Health care leaders have taken on new and stressful roles to achieve successful outcomes between the years 1980 and 2010. Health care leaders must be able to address challenges and conflicts effectively. Successful leadership involves using interpersonal skills to make effective decisions and build collaborative partnerships. Training programs to enhance interpersonal skills in the health care industry are rare and underutilized. Health care leaders may benefit from an individualized emotional intelligence training program designed to explain the effects of a lack of interpersonal skills and how this deficit affects health care operations and collaboration. The purpose of this quantitative, quasi-experimental study was to assess the effect of an emotional intelligence concept training intervention and its influence on health care administrators and physician leaders. Gaining a better understanding of emotional intelligence and how training one’s own emotions to better perceive, identify, understand, and use emotions affects collaborative efforts and might enhance relations in health care administrator and physician leaders. The results revealed no statistically significant difference exists on (a) the four subscale scores before and after the intervention, (b) perceiving emotion and facilitating thought with emotion at posttest by gender after the intervention, and (c) the four subscale scores by number of years in the field after the intervention, but (d) significant findings do exist on both understanding and managing emotions at posttest by gender after the intervention. Further research is suggested to include exploring additional demographic variables, use of an individualized training program for participants, and conducting a similar comparison study between the two groups of participants. The data might be used to improve leadership capabilities and interactions among health care leaders.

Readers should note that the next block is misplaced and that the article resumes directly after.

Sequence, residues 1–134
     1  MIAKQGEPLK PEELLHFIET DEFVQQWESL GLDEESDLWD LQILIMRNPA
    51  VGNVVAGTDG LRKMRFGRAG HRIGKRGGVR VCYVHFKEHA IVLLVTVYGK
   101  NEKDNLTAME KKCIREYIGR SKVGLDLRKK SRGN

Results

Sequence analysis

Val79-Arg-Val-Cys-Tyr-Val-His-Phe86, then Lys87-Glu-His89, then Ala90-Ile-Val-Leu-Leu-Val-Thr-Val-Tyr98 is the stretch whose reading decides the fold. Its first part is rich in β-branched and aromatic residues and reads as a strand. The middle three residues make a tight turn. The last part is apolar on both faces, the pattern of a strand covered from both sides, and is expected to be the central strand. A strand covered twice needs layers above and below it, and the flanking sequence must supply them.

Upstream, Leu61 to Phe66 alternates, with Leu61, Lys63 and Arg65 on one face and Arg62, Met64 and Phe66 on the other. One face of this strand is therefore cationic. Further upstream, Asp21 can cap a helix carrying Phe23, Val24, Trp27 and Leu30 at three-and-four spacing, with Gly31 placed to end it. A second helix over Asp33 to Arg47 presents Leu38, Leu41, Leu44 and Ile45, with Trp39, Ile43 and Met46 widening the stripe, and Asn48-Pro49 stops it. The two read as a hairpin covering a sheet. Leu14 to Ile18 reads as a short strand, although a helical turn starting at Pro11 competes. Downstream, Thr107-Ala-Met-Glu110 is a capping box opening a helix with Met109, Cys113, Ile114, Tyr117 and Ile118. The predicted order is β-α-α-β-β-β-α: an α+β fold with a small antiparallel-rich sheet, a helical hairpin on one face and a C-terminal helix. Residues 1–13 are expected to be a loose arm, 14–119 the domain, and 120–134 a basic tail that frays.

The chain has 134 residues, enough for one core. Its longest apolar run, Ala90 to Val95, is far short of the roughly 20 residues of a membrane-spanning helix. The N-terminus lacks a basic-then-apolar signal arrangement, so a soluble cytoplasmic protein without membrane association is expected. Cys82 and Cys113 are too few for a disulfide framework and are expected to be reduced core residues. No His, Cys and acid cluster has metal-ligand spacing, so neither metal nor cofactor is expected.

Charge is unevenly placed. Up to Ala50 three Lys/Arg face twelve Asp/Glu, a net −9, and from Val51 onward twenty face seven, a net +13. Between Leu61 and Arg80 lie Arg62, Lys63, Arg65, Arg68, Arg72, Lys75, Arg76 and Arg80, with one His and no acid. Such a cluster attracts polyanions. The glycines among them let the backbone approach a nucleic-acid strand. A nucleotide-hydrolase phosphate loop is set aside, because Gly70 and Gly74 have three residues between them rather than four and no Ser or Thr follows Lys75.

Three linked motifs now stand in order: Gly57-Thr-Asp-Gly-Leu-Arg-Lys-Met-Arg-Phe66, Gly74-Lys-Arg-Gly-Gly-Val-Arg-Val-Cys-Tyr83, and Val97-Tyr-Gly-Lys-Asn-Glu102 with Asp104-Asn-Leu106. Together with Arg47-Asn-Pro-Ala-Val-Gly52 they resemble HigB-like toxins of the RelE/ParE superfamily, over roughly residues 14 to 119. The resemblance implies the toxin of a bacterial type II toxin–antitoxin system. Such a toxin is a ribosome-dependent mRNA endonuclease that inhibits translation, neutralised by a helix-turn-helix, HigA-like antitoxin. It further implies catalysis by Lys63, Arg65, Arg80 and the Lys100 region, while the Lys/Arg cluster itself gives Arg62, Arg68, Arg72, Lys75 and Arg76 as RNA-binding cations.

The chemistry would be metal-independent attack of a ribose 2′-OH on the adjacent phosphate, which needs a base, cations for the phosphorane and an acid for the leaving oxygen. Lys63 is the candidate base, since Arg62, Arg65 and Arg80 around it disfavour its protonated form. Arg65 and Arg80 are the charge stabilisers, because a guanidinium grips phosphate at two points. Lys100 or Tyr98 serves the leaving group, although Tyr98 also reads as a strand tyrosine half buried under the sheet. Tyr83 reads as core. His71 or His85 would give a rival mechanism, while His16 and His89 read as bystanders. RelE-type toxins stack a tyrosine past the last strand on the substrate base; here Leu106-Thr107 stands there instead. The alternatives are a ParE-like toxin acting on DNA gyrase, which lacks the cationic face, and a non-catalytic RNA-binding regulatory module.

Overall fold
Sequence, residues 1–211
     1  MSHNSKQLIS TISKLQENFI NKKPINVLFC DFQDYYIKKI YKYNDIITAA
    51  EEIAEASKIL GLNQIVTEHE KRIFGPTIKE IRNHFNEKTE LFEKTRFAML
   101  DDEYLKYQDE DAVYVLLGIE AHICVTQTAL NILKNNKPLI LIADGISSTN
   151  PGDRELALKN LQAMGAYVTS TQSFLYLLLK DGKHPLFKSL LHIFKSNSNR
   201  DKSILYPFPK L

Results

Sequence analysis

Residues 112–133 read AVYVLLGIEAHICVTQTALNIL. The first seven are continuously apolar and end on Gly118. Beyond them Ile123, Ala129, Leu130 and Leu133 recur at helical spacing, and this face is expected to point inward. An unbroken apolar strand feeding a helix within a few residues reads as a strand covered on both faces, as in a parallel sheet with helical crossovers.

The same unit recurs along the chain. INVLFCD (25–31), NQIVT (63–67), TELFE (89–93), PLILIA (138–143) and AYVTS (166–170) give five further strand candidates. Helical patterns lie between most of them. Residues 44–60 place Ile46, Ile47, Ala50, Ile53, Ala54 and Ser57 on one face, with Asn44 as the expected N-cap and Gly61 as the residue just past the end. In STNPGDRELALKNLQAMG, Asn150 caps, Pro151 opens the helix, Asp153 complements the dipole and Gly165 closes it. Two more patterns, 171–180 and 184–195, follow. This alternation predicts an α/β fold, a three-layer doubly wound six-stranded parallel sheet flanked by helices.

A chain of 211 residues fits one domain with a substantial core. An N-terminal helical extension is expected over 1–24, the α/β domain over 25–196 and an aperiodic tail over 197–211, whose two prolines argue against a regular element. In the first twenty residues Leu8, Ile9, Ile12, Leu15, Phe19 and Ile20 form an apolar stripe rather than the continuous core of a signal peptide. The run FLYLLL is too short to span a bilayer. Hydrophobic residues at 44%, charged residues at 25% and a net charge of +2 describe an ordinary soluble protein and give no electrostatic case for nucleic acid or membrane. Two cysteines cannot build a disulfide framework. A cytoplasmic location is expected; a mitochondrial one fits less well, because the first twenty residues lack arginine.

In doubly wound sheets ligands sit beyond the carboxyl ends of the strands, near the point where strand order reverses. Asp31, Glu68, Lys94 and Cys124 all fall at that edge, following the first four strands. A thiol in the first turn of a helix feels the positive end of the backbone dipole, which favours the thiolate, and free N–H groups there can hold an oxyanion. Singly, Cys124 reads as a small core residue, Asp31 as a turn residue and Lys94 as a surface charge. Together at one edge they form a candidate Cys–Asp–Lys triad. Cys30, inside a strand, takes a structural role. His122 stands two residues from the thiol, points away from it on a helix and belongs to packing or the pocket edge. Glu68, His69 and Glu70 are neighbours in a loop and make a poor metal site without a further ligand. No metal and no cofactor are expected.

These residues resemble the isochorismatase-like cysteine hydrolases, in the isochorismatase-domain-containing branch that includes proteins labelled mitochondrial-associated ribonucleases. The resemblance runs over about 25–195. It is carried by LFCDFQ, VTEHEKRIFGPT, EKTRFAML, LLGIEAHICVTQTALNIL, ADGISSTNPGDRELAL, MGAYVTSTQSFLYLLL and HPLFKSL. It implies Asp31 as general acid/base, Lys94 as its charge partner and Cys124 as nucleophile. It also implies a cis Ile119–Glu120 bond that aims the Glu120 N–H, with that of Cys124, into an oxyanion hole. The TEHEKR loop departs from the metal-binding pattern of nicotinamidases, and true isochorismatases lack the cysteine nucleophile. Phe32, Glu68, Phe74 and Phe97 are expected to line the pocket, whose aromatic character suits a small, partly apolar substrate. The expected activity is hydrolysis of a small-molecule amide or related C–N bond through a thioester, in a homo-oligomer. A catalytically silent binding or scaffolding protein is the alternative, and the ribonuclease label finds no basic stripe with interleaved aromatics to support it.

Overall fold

|Advisor:||DeNigris, John, III|
|Commitee:||Brinkman, MaryJo, Waruingi, Macharia|
|School:||University of Phoenix|
|School Location:||United States -- Arizona|
|Source:||DAI-A 74/01(E), Dissertation Abstracts International|
|Subjects:||Personality psychology, Continuing education, Organizational behavior, Health care management|
|Keywords:||Emotional behavior, Emotional intelligence, Health care administrators, Organizational behavior in health care, Physician leaders|
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